3) OH AND FANS AGREE WITH US!
These are our favorite. Articles in which fans’ negative social media statuses or random tweets are displayed as the end-all-be-all of the franchise and the guarantee that we’re all in on the lambasting too. So what constitutes a “fan”? Anyone who has seen the movie, apparently. I saw Dude, Where’s My Car? when I was like 12. Does that make me a fan? Also, there’s a widespread assumption that these fans expressing disappointment in certain parts of the film means they hated all of it all day every day. THR even wrote an obvious click bait article about common “fandom gripes” throughout the history of the films, portraying us all as racists who hated that Rue was black and sexists who hate Peeta for not being masculine enough. “Offensive to fans” doesn’t even begin to cover it, but they’re getting lots of views from stirring up old, nasty comments from a few outliers that in no way represent the fandom as a whole, as if we all feel this way.

Most definitely started out at a click bait media outlet.. except not really

Most definitely started out at a click bait media outlet.. except not really

4) NO WAIT– EVERYTHING IS AWESOME ALWAYS AND FOREVER!
This is the type of click bait we tend to be more agreeable to because it works in our favor, but we need to acknowledge this too. Because it happens. Like basically everything on BuzzFeed. We can’t say for sure that some of these sites are getting paid to advertise via positive articles, but we know that method absolutely exists. You’re more likely to want something when someone writes an article saying “This Is My Favorite!” than if you just saw a graphic on a sidebar. Again, we know so much nothing that Jon Snow would be proud, but we know it happens in advertising in general. But it could also just be these sites playing off how enthusiastic fans are, knowing they’ll click because the articles validate the things they love.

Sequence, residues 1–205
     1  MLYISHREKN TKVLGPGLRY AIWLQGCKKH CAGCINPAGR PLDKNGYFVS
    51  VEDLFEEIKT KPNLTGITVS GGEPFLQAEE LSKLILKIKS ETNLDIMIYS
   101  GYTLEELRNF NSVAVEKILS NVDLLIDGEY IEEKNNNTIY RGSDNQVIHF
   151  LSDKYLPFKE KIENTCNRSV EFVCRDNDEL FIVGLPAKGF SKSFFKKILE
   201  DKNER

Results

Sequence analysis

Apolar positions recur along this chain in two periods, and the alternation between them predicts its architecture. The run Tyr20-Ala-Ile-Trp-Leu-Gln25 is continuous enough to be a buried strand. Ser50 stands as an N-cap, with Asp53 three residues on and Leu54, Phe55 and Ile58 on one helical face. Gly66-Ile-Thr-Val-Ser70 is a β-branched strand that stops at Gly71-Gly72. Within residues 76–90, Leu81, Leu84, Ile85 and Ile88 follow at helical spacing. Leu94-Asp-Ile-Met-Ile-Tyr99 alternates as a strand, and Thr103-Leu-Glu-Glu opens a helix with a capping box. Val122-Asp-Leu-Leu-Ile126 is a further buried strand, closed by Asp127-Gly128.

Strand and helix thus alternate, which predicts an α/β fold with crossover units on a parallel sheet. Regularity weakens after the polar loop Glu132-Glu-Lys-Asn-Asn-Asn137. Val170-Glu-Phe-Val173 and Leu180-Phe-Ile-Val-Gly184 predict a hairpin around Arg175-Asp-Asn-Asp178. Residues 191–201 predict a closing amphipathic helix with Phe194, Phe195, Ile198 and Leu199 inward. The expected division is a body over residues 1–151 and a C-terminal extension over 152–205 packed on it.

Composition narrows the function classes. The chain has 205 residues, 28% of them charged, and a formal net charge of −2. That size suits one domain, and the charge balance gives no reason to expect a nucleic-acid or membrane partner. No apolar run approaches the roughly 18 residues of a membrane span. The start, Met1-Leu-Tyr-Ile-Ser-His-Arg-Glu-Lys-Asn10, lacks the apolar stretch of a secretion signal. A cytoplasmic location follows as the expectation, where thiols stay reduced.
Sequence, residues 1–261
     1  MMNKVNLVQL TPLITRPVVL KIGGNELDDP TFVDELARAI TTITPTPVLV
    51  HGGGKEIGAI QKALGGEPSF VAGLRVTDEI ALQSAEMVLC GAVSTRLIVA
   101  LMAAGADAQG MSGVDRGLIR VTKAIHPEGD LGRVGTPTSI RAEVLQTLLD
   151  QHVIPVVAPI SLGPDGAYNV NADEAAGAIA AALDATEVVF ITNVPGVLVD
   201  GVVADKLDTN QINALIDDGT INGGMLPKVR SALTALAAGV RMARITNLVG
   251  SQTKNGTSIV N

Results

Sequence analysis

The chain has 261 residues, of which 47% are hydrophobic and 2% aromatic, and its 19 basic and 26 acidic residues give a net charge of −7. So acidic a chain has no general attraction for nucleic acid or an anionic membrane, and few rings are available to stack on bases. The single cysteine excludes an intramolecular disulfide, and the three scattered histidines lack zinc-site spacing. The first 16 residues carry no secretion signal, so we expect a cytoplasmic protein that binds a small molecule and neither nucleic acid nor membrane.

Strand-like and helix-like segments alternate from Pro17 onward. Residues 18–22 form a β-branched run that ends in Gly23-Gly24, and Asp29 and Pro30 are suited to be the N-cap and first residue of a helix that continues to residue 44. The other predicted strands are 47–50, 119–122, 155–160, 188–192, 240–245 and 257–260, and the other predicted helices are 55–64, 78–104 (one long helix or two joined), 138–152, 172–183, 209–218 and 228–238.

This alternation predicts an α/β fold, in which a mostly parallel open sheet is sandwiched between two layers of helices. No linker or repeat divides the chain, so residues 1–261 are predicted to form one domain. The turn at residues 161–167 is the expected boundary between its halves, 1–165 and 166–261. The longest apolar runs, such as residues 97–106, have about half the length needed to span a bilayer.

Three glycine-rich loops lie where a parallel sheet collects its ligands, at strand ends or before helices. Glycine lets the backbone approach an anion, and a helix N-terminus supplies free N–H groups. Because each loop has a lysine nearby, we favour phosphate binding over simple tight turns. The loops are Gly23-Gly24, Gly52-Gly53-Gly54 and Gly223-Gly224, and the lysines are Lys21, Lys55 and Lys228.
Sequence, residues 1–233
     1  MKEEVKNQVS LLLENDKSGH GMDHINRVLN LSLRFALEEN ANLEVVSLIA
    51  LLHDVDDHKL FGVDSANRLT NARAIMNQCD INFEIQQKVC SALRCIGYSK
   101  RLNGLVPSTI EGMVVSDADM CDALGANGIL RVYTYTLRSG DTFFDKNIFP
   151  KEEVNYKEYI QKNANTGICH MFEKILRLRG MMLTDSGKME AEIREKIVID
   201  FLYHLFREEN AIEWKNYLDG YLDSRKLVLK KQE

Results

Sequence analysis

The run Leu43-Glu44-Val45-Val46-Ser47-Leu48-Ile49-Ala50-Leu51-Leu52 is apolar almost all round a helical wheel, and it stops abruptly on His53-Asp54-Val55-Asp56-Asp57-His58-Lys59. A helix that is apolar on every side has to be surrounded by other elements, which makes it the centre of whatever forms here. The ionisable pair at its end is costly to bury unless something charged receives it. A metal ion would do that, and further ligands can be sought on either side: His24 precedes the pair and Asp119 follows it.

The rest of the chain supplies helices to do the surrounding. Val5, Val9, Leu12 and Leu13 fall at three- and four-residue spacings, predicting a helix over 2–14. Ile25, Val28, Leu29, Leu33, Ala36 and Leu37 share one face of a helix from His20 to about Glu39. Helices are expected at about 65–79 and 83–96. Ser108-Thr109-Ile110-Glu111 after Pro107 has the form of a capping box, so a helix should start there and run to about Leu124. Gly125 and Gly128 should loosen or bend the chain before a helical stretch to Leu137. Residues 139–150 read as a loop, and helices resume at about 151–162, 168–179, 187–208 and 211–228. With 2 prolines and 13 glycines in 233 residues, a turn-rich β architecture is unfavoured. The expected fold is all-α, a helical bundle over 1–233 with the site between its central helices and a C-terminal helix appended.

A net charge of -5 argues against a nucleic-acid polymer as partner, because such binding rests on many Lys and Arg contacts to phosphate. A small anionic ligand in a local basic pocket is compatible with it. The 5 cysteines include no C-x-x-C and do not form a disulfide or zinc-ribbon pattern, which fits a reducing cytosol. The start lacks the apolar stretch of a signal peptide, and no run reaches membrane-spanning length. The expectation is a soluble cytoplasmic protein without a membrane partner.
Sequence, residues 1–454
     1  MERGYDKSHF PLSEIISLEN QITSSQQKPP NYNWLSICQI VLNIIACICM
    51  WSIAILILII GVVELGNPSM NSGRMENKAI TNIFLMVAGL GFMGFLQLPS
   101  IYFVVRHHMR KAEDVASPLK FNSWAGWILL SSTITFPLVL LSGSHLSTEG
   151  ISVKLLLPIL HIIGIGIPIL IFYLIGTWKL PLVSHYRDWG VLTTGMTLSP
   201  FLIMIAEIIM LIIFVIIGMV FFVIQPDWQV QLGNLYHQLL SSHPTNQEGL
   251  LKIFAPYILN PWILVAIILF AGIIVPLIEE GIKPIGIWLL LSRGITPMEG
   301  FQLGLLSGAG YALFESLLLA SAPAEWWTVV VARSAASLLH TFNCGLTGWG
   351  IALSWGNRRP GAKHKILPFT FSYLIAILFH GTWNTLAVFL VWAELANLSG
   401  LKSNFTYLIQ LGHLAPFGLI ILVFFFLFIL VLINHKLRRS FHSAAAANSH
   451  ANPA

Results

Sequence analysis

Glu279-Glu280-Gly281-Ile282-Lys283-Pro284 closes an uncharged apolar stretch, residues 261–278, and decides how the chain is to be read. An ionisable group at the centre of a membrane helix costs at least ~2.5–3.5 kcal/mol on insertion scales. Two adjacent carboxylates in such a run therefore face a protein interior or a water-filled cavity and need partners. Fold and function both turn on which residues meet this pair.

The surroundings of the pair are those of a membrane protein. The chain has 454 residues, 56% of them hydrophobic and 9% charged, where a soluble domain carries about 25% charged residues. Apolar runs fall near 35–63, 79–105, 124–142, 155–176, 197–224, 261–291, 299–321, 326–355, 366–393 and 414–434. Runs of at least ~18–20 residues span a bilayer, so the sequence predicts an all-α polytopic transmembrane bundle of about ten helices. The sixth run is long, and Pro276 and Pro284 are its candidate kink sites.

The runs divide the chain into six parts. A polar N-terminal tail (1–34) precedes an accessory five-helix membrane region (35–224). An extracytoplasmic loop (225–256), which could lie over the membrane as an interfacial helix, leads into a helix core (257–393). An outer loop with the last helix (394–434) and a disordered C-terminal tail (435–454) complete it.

In between the cracks you can find articles that at least try to find a balance. But overall– and maybe it’s just us– but isn’t it just better to ignore the media and like what you like? We’ve all probably enjoyed some movies that the media had some gripes with or largely ignored or even HATED, but then you remember that you really don’t give a fuck what they think, because you liked it for your own personal reasons.

As for all that really obvious click bait?

Well… DON’T CLICK IT.
The Girl With The Pearl

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REVIEW: Mockingjay Part 1 Is The Ultimate Game Changer

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** THIS REVIEW IS SPOILER FREE!**

The Hunger Games Franchise: Come for the action. Stay for the bigger, more important message.

KATNISSIf you’ve been following reviews for Mockingjay Part 1 so far, you’ve probably noticed some media outlets griping about the change of pace or fewer action sequences or the lack of the games. But The Hunger Games has always been about more than just the games. The first two films did an excellent job conveying the danger and inequality in Panem through the games, but the story cannot simply be the games, otherwise the whole message Suzanne Collins intended for her audience is lost. The franchise is about the tragedies of war but also the need to question society’s parameters and to fight against injustice, even if it comes at a personal cost. That’s right, folks– We’re moving past the “Whoa, all these people are in a bubble trying to kill each other!” pull and into legitimate political thriller territory.